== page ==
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In Their Own Words

Bridge Greats are known as such because they have done something outstanding for the game of Bridge. This page contains articles authored by Bridge Greats and the Conventions they invented.




The Drury Two-Club Convention

Introduction by Alfred Sheinwold, editor of The Bulletin

For this issue we present a new convention that has swept down from the plains of the North and threatens to subjugate the entire continent. In accordance with The Bulletin's standard policy of pussyfooting whenever possible, we neither recommend nor condemn the Canadian invader. If you like it, use it; if you don't like it, learn it anyway so that you can tell what's being done to you.

The Drury Two-Club Convention attempts to solve the problem of the third-hand opening bid: Is it a real bid, or is it garbage?

There are other approaches to this problem, not the least of which is mind-reading. In order to conform to postal regulations, The Bulletin will not advertise courses in sorcery nor list the prices of crystal balls or other useful bridge apparatus.

The article that follows is reprinted from a recent issue of The Bridge World, by kind permission of A. Moyse, Jr., its distinguished editor, and of Eric Murray, the no-less distinguished author of the article. (We promised faithfully to say something nice about these two gentlemen, and we keep some promises.) We might add that the serious bridge player who does not regularly read The Bridge World magazine is patronizing the wrong dentist or the wrong bridge club.

For those who want a counterweapon, we have only this to suggest: A double of the Drury Two Clubs should be used as a takeout double of the original bid (showing support for clubs as well as for the two unbid suits).

For example:

SouthWestNorthEast
PassPass1Pass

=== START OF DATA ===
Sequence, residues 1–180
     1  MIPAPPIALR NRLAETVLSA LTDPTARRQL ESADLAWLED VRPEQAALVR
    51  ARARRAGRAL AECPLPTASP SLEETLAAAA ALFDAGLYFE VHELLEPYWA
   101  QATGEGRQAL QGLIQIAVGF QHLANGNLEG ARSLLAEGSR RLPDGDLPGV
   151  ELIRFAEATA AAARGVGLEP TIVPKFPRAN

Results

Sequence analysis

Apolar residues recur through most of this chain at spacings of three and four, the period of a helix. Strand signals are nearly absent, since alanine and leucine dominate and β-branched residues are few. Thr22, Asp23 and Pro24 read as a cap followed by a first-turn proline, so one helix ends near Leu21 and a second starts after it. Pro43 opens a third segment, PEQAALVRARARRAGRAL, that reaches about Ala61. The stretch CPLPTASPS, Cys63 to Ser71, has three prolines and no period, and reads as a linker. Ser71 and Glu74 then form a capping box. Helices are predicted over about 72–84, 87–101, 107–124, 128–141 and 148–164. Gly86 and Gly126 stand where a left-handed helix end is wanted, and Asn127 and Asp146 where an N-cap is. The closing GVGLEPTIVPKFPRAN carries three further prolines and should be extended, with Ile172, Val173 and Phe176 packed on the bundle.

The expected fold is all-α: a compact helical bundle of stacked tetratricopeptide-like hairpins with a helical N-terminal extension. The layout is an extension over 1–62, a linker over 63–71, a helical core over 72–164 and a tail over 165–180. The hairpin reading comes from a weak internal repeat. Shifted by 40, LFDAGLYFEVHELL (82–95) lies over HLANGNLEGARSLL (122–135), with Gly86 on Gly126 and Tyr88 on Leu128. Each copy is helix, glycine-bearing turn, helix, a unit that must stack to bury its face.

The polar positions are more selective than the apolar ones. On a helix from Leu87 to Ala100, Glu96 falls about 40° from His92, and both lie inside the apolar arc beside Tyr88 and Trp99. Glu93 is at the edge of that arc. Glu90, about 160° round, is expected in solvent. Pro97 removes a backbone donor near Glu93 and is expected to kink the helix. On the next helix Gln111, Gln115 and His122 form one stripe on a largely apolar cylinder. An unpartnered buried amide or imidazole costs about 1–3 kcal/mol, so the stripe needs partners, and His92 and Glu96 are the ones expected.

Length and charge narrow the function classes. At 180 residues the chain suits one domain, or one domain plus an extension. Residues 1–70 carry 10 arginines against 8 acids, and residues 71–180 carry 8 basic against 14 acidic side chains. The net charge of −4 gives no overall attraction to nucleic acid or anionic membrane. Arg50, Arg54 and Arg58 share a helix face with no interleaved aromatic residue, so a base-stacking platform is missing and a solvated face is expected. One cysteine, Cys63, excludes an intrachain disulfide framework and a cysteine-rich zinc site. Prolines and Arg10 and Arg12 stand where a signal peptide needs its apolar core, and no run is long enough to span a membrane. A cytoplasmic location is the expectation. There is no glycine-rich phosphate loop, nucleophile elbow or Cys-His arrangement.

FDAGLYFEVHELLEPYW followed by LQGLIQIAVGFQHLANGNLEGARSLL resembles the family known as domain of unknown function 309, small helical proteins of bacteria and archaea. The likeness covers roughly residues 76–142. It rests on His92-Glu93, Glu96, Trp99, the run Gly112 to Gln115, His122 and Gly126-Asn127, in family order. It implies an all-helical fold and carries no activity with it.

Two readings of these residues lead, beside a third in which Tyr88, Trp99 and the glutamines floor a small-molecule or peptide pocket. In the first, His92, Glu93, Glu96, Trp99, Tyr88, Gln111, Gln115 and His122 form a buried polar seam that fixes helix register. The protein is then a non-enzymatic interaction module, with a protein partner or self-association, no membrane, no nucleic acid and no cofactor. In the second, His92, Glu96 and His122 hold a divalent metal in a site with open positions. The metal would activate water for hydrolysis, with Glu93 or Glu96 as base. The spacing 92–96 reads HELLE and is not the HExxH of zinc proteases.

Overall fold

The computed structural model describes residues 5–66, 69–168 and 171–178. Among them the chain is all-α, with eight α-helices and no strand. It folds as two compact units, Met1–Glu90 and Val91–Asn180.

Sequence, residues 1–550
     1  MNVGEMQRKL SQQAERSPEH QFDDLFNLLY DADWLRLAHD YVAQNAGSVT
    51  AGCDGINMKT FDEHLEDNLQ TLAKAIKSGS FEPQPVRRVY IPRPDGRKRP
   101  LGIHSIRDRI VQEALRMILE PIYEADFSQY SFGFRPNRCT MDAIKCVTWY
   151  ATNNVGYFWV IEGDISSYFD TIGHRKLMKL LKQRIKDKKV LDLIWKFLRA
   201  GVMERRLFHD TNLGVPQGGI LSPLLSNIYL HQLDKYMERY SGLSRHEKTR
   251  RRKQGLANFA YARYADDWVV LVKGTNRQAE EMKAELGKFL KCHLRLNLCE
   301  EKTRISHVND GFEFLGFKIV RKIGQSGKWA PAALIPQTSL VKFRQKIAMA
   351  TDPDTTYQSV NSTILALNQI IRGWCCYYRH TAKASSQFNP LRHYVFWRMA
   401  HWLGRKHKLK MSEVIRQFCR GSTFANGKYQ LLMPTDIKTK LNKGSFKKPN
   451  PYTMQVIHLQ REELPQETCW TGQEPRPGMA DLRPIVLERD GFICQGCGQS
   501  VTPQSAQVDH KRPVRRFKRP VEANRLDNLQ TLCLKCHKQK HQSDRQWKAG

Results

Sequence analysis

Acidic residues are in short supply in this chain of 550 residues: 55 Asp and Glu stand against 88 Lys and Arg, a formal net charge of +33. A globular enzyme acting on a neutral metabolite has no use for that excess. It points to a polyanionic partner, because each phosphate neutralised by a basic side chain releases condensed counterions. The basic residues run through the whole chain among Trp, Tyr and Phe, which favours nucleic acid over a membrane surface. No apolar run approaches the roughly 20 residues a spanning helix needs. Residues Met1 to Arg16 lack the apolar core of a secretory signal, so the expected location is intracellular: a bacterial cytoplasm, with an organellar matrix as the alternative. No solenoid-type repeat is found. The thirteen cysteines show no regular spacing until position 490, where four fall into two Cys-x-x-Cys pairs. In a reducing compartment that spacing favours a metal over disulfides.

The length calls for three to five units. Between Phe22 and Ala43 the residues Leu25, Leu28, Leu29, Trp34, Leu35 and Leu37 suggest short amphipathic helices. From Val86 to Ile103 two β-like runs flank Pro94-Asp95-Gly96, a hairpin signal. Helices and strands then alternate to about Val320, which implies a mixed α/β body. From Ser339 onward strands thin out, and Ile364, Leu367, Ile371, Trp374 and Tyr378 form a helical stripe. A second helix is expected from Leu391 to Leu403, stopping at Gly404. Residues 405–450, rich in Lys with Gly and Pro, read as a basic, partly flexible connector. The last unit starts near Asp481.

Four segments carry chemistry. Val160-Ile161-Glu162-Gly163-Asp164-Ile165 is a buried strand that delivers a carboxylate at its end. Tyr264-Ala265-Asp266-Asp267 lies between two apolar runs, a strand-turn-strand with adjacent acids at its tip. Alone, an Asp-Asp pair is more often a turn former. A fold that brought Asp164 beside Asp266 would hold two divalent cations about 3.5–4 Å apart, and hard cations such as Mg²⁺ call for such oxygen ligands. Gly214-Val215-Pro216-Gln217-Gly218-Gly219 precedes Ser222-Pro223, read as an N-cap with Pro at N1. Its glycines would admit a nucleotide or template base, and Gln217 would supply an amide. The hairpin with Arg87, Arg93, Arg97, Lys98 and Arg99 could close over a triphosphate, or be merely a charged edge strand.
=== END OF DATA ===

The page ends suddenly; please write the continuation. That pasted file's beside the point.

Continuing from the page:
2double  

West has nearly the value of an opening bid, with support for clubs and both red suits.

If West has a sound overcall in hearts or diamonds, he bids it. If he then goes for a "number," he should remember that South has shown some sort of maximum pass and that his partner has been busy saying nothing. In this situation, West should step in only if he has excellent values or a generous disposition.

What should West do if he has clubs? Should he let the enemy steal the hand and likewise steal his suit? Yes. He must probably suffer in silence.

West must decide whether a double of two clubs should call for a lead or should ask for a takeout. The double cannot mean both.

Most experts think that the double should be used competitively, for takeout. If you have a very strong club suit, you may either bid it originally and avoid this whole mess, or you may wait to see if you can bid three clubs when the dust has clearned. There is no overpowering need to bid three clubs immediately, since you will get a chance later if North has a weak hand. You don't want to bid anything if it turns out that North has a strong hand.


The Convention

by Eric Murray, co-author of the convention with Doug Drury.

"We play simple Stayman (excuse me, Sam) and the Drury Two Clubs, Ma'am."

"What, young man, is the Drury Two Clubs?"

"Two clubs is an artificial one-round force by a passed hand responding to partner's third or fourth-hand major suit opening bid. Opener negatives with two diamonds."

"You are out of your mind, young man. Why don't you learn to play bridge?"

* * *

Partner opens third-hand with one spade, and you, South, gaze at something like this:

Q x x x K x x A J 9 x J 10

What do you bid? Three spades, I suppose. Now partner holds:

A K J 10 x x x x x Q 9 x x

Of course, he passes, but you still get a disgusting minus. (Naturally, the ace of hearts is wrong.)

We bid two clubs, not three spades, with the passed hand. Partner, with a holding that he would open in any position, i.e., a normal opening bid, rebids normally. But with a light third or fourth-hand opening, he negatives with two diamonds. Thus, in our example, opener bids two diamonds and responder bids only two spades. All pass.